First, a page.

Coastal Pacific scenic train along the Kaikoura coastline

Coastal Pacific Scenic Train

Walk it off.

Whether you're an experienced tramper or looking to give a multi-day hike a go for the first time, New Zealand is a walkers paradise. There are two internationally renowned tracks only a few hours' drive from the Picton Ferry Terminal.

The Queen Charlotte Track is renowned for its stunning views of Queen Charlotte and Kenepuru Sounds. Starting from Meretoto/Ship Cove, there is a seamless network of transfers, resorts and lodges and great food and wine along the route.

Couple walking the Queen Charlotte Track

Credit - Marlborough NZ

The Abel Tasman Coastal Track winds through national parks, native bush and beaches with golden sand. There's something for every schedule, with a range of short and long walks.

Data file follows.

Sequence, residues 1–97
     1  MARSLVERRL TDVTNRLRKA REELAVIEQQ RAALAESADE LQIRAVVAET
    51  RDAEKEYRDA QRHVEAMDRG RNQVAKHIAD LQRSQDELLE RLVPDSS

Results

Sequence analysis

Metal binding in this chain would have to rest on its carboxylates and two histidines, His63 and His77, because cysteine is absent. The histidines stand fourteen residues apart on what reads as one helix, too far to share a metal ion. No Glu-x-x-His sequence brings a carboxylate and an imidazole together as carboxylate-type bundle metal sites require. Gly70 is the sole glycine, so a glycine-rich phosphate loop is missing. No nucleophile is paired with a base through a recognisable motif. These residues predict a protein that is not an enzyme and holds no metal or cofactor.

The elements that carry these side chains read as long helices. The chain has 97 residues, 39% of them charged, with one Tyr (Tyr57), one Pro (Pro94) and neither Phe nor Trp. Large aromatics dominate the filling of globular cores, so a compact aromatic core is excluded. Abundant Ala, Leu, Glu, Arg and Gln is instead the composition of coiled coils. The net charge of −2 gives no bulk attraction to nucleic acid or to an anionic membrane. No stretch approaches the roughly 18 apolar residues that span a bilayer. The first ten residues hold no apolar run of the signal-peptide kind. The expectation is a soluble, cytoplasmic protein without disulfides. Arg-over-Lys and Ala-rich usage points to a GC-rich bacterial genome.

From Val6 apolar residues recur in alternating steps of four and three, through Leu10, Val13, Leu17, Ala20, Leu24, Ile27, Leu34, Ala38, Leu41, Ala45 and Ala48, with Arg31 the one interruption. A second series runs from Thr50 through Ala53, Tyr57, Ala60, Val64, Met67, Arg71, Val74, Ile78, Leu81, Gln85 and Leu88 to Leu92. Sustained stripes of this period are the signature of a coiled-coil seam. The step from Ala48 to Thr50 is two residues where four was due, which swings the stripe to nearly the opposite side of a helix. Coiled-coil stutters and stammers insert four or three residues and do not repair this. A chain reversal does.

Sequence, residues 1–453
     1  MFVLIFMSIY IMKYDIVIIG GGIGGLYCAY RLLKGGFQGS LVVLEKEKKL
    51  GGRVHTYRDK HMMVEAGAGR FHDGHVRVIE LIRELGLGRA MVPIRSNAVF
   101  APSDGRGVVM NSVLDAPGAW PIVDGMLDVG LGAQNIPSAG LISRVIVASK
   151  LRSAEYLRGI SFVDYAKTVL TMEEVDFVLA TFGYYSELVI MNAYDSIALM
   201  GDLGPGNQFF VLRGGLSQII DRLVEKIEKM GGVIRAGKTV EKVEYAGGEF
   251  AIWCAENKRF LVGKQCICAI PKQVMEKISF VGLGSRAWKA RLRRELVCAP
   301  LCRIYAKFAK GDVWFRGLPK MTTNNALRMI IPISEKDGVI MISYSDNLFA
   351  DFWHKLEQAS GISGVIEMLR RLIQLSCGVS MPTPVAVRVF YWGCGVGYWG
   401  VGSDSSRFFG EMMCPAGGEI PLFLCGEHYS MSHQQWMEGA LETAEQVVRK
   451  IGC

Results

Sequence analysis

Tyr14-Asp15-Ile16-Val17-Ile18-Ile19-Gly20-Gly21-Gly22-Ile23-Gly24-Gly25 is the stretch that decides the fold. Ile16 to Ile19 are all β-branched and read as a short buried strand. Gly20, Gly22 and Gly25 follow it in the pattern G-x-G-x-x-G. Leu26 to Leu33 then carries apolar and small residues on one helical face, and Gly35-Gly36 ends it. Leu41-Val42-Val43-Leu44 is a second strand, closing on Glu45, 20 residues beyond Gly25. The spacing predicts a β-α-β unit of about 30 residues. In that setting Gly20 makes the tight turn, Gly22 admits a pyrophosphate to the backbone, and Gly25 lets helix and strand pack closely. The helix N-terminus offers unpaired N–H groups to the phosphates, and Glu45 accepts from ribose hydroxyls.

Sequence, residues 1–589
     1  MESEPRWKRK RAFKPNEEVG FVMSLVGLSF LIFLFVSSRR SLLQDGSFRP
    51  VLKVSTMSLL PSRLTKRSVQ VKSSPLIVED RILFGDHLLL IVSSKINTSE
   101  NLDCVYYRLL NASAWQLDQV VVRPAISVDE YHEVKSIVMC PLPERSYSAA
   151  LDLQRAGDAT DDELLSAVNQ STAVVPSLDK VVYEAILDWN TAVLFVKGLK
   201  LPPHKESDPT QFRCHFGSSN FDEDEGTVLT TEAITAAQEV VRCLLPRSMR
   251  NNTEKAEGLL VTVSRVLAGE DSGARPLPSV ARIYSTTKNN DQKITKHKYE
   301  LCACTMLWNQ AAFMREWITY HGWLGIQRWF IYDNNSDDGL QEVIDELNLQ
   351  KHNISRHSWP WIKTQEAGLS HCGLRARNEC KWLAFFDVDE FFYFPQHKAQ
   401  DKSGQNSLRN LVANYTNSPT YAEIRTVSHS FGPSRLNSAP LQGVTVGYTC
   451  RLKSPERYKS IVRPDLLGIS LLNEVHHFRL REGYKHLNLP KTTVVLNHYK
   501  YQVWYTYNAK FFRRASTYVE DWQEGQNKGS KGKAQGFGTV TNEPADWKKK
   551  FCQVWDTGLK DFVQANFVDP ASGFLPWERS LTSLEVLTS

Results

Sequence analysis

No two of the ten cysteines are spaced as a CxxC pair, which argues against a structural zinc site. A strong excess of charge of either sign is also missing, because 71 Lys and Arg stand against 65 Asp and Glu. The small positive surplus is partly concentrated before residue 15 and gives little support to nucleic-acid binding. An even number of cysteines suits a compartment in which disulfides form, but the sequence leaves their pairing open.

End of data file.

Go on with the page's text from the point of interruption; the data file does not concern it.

Te Puketea Bay on the Abel Tasman Track

Te Puketea Bay, Abel Tasman. Credit - David T

The Heaphy Track is another famous track. Located at the top of the South Island, you'll experience all the best parts of the West Coast. Keep in mind that it's a little longer than the Abel Tasman Coast Walk – taking between 4-6 days if you're on foot, or 2-3 days if you're mountain biking.

Swing bridge on the Heaphy Track Nelson

Adventure awaits.

If you're looking for exciting things to do in New Zealand, the top of the South Island is an adventure goer's playground, with plenty of unique activities that you won't get anywhere else.